Four Russian Serf Narratives

Paperback | November 24, 2009

EditorJohn Mackay

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Although millions of Russians lived as serfs until the middle of the nineteenth century, little is known about their lives. Identifying and documenting the conditions of Russian serfs has proven difficult because the Russian state discouraged literacy among the serfs and censored public expressions of dissent. To date scholars have identified only twenty known Russian serf narratives.
    Four Russian Serf Narratives contains four of these accounts and is the first translated collection of autobiographies by serfs. Scholar and translator John MacKay brings to light for an English-language audience a diverse sampling of Russian serf narratives, ranging from an autobiographical poem to stories of adventure and escape. “Autobiography” (1785) recounts a highly educated serf’s attempt to escape to Europe, where he hoped to study architecture. The long testimonial poem “News About Russia” (ca. 1849) laments the conditions under which the author and his fellow serfs lived. In “The Story of My Life and Wanderings” (1881) a serf tradesman tells of his attempt to simultaneously escape serfdom and captivity from Chechen mountaineers. The fragmentary “Notes of a Serf Woman” (1911) testifies to the harshness of peasant life with extraordinary acuity and descriptive power.
    These accounts offer readers a glimpse, from the point of view of the serfs themselves, into the realities of one of the largest systems of unfree labor in history. The volume also allows comparison with slave narratives produced in the United States and elsewhere, adding an important dimension to knowledge of the institution of slavery and the experience of enslavement in modern times.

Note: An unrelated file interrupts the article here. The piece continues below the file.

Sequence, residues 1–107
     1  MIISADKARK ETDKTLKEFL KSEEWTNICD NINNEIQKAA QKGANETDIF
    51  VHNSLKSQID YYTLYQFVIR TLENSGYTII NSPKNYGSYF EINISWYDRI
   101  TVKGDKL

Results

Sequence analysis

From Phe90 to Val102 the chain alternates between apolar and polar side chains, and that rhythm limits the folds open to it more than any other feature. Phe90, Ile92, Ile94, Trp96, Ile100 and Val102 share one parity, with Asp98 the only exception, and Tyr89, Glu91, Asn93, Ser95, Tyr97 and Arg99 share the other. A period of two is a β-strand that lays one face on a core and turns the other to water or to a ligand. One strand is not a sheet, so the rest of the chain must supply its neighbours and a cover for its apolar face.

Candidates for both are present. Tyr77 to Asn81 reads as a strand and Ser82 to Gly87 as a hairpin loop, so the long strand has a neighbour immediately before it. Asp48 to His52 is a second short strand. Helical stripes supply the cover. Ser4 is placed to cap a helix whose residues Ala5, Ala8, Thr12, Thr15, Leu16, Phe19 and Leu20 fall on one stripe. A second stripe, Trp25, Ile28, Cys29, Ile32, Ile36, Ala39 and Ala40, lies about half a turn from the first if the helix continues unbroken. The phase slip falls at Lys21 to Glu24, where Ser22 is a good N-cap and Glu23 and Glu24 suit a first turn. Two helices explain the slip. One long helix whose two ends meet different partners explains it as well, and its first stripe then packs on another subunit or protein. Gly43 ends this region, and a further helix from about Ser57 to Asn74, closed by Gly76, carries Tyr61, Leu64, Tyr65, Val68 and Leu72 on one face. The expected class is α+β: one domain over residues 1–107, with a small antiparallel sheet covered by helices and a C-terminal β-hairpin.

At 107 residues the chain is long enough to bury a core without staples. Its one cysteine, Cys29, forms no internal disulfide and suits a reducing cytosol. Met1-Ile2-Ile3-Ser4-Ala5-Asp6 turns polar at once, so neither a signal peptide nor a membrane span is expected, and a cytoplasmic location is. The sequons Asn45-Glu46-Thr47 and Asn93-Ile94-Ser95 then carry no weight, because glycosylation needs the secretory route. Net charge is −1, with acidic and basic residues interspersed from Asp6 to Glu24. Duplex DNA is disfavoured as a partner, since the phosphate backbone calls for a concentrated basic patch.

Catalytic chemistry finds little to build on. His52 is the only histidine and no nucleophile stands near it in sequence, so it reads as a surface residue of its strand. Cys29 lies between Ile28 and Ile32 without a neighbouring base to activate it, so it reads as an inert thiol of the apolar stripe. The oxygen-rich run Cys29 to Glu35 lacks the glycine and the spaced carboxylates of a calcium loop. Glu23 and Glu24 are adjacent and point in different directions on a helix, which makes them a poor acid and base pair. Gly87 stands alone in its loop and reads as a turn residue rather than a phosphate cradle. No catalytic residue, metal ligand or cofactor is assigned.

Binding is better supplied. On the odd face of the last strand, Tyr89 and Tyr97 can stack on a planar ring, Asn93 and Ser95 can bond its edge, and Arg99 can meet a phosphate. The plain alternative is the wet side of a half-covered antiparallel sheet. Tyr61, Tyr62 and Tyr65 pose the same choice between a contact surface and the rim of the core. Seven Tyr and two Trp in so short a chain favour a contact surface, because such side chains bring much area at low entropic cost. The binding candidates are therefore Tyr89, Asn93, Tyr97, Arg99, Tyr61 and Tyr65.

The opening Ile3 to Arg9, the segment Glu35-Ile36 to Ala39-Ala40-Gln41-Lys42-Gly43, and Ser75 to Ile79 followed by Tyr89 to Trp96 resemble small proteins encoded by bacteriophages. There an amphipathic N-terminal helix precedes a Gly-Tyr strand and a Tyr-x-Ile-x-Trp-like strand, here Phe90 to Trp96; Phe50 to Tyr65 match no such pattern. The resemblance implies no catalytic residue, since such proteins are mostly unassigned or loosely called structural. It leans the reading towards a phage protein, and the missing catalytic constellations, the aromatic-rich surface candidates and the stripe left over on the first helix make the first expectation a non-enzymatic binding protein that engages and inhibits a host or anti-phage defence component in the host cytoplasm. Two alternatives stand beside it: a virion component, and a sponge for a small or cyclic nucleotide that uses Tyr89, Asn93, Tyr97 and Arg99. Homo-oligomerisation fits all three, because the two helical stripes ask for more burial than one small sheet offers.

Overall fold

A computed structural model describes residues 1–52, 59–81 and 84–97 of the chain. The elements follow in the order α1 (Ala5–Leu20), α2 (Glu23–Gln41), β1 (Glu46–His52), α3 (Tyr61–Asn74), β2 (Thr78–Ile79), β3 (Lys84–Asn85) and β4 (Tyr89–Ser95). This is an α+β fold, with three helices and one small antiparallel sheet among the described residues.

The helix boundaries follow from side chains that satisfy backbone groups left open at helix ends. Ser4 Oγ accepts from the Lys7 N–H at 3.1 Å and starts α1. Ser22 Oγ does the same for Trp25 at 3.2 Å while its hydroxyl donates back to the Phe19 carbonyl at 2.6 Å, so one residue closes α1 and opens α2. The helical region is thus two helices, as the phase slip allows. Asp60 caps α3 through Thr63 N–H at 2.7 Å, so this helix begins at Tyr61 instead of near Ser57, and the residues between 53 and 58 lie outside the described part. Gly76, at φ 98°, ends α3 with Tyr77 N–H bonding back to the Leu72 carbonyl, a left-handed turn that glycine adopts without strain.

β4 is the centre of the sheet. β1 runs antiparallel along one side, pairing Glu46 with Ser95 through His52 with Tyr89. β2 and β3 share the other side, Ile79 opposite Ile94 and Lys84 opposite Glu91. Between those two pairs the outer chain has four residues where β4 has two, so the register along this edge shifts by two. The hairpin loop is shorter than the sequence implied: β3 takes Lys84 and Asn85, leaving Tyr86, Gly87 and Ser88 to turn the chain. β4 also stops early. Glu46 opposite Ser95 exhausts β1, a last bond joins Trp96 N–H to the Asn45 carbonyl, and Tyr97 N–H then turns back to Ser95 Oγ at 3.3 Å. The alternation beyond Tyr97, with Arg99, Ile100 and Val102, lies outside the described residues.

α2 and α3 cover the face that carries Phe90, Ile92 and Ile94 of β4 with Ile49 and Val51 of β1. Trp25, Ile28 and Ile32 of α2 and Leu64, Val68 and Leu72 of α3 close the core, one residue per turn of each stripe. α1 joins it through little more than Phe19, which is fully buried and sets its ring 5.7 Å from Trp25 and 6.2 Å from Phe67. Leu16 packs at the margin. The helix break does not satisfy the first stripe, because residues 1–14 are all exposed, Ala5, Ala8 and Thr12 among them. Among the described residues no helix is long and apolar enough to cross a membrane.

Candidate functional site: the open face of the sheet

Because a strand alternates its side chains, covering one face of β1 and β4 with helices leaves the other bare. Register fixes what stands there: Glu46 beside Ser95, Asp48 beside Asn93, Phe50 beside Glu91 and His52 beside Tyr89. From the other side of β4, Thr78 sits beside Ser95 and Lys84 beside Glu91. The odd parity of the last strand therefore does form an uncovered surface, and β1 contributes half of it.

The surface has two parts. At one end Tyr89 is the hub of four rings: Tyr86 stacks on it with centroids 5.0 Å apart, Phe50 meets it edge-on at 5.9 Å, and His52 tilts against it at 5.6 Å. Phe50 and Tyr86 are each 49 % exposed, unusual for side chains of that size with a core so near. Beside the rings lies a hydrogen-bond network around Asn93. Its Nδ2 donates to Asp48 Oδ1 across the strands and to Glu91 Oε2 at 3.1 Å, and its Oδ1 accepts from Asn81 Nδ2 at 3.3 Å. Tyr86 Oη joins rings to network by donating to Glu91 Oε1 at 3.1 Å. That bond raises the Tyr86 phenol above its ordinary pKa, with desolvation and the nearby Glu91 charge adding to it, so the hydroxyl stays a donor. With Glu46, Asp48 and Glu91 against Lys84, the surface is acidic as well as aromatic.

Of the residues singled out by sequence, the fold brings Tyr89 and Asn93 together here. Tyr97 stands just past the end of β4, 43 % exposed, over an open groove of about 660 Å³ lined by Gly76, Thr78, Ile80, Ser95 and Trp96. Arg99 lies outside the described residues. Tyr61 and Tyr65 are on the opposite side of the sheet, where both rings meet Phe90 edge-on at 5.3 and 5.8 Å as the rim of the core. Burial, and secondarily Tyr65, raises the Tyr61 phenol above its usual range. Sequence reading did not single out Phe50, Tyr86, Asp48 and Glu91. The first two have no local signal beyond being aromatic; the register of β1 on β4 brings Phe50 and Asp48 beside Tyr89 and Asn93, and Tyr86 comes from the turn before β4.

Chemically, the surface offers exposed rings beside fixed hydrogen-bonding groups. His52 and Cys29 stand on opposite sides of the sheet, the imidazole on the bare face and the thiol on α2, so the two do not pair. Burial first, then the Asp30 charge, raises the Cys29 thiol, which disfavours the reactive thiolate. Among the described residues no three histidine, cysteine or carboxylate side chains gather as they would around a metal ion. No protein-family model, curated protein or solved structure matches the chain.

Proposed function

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Although millions of Russians lived as serfs until the middle of the nineteenth century, little is known about their lives. Identifying and documenting the conditions of Russian serfs has proven difficult because the Russian state discouraged literacy among the serfs and censored public expressions of dissent. To date scholars have ide...

John MacKay is professor of Slavic and East European languages and literatures and film studies and is chair of the Film Studies Program at Yale University. He is author of Inscription and Modernity: From Wordsworth to Mandelstam.

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Format:PaperbackDimensions:256 pages, 9 × 6 × 0.6 inPublished:November 24, 2009Publisher:University Of Wisconsin PressLanguage:English

The following ISBNs are associated with this title:

ISBN - 10:029923374X

ISBN - 13:9780299233747

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Table of Contents

List of Illustrations   
Acknowledgments   

Introduction: Serfs as Writers   
Nikolai Smirnov, "Autobiography" (1785)   
P. (Petr O.), "News about Russia" (ca. 1849)   
Nikolai Shipov, "The Story of My Life and Wanderings: The Tale of the Former Serf Peasant Nikolai Shipov" (1802–62)   
M. E. Vasilieva, "Notes of a Serf Woman" (1911)   

Index   

Editorial Reviews

The four narratives in this volume, none of which have previously been translated into English, offer a wide variety of first-person perspectives on serfdom. The narratives are fascinating in their own right; the addition of the wide-ranging introduction and thorough historical notes make Four Serf Narratives an important volume for anyone interested in the study of unfree labor.”—Anne Hruska, Slavic and East European Journal